#Open journalism No news is bad news

Your contributions will help us continue to deliver the stories that are important to you

Support The Journal
Dublin: 10°C Thursday 29 October 2020

This non-profit wants to start up 100 projects across the country in 100 days

ChangeX aims to help communities start up their own projects to help improve their lives.

Founder Paul O'Hara launching ChangeX100 earlier this week.
Founder Paul O'Hara launching ChangeX100 earlier this week.
Image: ChangeX

FOR MOST IDEAS, the first step is usually the hardest to complete.

Even when you know what the solution is, the planning, figuring out the resources needed and a way to make it work can leave most ideas on the drawing board. For most rural communities, such initiatives fall on the people themselves but

That’s the aim of ChangeX, a non-profit entity which wants to bridge the gap between communities and ideas that will help improve lives.

Things like volunteer rapid response unit, improving awareness of mental health issues and holding courses to improve digital literacy skills are offered as a way to improve the wellbeing of those in each community.

All of these are volunteer-led and for the founder Paul O’Hara, it was his experience in the social entrepreneur space (those who try to tackle social problems with different solutions) and working in different countries that sparked the idea.

“Having worked in different countries, I could see these great ideas that were relevant to an Irish audience or Irish ideas that were relevant in an international context,” explained O’Hara. “There are all these great ideas across the world but they’re usually hard to find, and even harder to get started if you find them.”

“There are all these great things that will make communities stronger… we did want to measurably improve the well-being of communities by getting more of these going and that’s the ultimate ambition.”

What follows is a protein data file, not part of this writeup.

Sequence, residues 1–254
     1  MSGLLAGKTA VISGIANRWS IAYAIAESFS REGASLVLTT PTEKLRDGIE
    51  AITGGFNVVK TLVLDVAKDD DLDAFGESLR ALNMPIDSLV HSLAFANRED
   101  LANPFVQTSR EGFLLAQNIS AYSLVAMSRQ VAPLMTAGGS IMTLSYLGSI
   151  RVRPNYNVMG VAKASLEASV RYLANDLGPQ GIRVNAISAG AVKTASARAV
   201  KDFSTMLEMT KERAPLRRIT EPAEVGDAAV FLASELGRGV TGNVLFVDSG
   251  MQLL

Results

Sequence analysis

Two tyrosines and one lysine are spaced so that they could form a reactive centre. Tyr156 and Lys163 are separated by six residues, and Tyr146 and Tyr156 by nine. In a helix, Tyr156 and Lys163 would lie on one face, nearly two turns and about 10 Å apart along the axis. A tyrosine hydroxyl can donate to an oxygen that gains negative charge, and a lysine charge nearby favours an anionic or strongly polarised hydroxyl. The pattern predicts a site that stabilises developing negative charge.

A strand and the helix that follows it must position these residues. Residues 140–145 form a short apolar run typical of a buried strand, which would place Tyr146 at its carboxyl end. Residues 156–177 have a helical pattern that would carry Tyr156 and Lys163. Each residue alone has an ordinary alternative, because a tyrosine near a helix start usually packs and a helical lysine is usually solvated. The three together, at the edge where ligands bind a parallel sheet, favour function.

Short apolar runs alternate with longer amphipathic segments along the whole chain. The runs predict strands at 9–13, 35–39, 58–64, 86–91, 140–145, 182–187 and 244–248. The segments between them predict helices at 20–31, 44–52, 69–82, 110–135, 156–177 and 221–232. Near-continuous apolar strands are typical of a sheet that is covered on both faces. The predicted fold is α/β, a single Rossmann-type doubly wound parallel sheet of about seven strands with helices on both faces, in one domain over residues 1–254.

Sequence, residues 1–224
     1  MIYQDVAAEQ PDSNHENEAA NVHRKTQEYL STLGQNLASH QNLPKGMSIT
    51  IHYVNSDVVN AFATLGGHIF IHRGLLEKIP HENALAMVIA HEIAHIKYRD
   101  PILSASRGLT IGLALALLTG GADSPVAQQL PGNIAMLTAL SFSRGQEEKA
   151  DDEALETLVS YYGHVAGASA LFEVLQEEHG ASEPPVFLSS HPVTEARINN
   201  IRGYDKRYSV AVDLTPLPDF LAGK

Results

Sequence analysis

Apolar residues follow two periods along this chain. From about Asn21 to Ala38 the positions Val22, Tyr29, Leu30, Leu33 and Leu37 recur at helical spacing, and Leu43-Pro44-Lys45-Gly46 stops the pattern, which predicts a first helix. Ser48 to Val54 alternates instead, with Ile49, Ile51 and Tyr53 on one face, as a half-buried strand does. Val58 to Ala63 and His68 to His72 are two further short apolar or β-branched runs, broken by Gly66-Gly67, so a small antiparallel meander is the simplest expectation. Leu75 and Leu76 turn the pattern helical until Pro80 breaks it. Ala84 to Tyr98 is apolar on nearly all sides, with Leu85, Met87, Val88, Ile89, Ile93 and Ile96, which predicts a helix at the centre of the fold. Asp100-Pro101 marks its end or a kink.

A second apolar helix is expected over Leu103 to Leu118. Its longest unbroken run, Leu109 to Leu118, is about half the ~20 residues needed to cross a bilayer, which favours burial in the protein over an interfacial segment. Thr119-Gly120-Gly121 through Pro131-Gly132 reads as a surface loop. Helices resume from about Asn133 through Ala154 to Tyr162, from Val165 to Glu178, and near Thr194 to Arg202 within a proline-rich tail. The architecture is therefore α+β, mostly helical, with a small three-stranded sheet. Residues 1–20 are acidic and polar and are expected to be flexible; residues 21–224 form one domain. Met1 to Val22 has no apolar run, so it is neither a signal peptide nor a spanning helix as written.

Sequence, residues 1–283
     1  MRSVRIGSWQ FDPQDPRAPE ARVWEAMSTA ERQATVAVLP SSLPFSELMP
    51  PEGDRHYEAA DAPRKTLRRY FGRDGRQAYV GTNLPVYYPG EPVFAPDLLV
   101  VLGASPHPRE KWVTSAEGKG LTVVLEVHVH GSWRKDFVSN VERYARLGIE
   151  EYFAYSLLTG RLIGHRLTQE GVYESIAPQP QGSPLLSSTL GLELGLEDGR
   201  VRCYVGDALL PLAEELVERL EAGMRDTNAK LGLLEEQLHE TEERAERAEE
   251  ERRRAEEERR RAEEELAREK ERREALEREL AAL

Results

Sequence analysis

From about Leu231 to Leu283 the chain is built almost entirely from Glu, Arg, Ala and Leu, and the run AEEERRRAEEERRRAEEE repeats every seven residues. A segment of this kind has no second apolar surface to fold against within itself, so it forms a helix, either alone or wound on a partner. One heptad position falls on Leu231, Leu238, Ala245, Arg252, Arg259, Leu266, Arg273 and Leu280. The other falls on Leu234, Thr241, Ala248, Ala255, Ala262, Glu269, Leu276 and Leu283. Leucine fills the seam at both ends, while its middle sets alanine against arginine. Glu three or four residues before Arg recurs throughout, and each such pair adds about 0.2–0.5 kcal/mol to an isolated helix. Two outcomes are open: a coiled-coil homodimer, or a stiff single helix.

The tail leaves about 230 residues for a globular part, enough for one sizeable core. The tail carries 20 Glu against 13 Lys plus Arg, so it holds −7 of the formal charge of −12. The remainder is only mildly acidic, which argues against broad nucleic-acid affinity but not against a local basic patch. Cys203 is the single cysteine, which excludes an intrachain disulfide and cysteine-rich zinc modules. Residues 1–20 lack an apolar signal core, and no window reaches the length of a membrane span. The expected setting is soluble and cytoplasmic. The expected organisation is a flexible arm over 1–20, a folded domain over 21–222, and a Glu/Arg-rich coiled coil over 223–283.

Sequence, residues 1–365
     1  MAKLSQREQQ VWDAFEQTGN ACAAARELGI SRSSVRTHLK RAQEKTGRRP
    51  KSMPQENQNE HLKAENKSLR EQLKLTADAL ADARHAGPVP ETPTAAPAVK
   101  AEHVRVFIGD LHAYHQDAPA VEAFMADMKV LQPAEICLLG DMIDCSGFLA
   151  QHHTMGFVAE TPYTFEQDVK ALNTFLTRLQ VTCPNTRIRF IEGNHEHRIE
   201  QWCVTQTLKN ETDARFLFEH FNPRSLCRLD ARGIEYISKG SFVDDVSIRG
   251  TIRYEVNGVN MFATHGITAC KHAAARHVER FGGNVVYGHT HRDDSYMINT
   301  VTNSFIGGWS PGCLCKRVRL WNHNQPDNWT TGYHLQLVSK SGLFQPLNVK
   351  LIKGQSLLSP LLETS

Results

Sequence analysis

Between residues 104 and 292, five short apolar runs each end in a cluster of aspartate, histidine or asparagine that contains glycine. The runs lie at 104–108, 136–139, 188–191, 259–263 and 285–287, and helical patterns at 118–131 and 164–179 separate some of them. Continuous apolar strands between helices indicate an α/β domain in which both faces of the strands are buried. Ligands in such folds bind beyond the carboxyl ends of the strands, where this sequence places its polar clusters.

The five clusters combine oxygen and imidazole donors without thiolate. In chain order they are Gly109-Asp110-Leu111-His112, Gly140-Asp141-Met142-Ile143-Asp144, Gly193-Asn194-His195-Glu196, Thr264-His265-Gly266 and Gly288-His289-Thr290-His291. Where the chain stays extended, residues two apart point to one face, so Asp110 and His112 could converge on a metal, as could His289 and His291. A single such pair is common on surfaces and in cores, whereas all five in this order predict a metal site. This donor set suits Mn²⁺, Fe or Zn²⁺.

While the platform is gearing up for a major increase, it was originally launched back in May where the idea has been tested out. Its first test was in the Burren region where initiatives like CoderDojo, Men’s Shed clubs and DIY groups were set up, which helped it learn what worked and what needed improvement before the platform was expanded.

Source: ChangeX/YouTube

For now, there are twenty ideas on the site that communities across the country can adopt but the important part behind each idea is they’re been proven to work. It wouldn’t make sense to include one that is vague or requires significant resources to get started.

“The ideas on the site would be already working in different communities either in Ireland or internationally,” says O’Hara. ”Once an idea begins to spread to multiple communities, there’s a fair chance that it’s effective because otherwise communities wouldn’t pick it up.”

And ensuring that these ideas are picked up is important. alongside the five-step guides for each initiative, there’s a mentoring process from those who have already been successful getting an idea up and running.

The next step is to have their own page on ChangeX allowing communities to recruit more volunteers, organise events and hold crowdfunding campaigns. The group doesn’t fund projects itself – it’s a non-profit funded by donations from the tech community and venture capitalists – but most projects don’t require much, if any, funding to get up and running.

For now, the immediate aim is to bring 100 initiatives within 100 days, brought by the launch of its ChangeX100 initiative, but while it’s ambitious, is it achievable? O’Hara feels it’s a bit of both.

I think it’s doable. It’s definitely considered ambitious… [and] it’s a lot within a small space of time, but the ideas are strong.

Read: Facebook now has options for users who don’t want to be called male or female >

Read: Toys for robots, a wine pouring machine and bellybutton swabs. The homes of the future… >

About the author:

Quinton O'Reilly

Read next: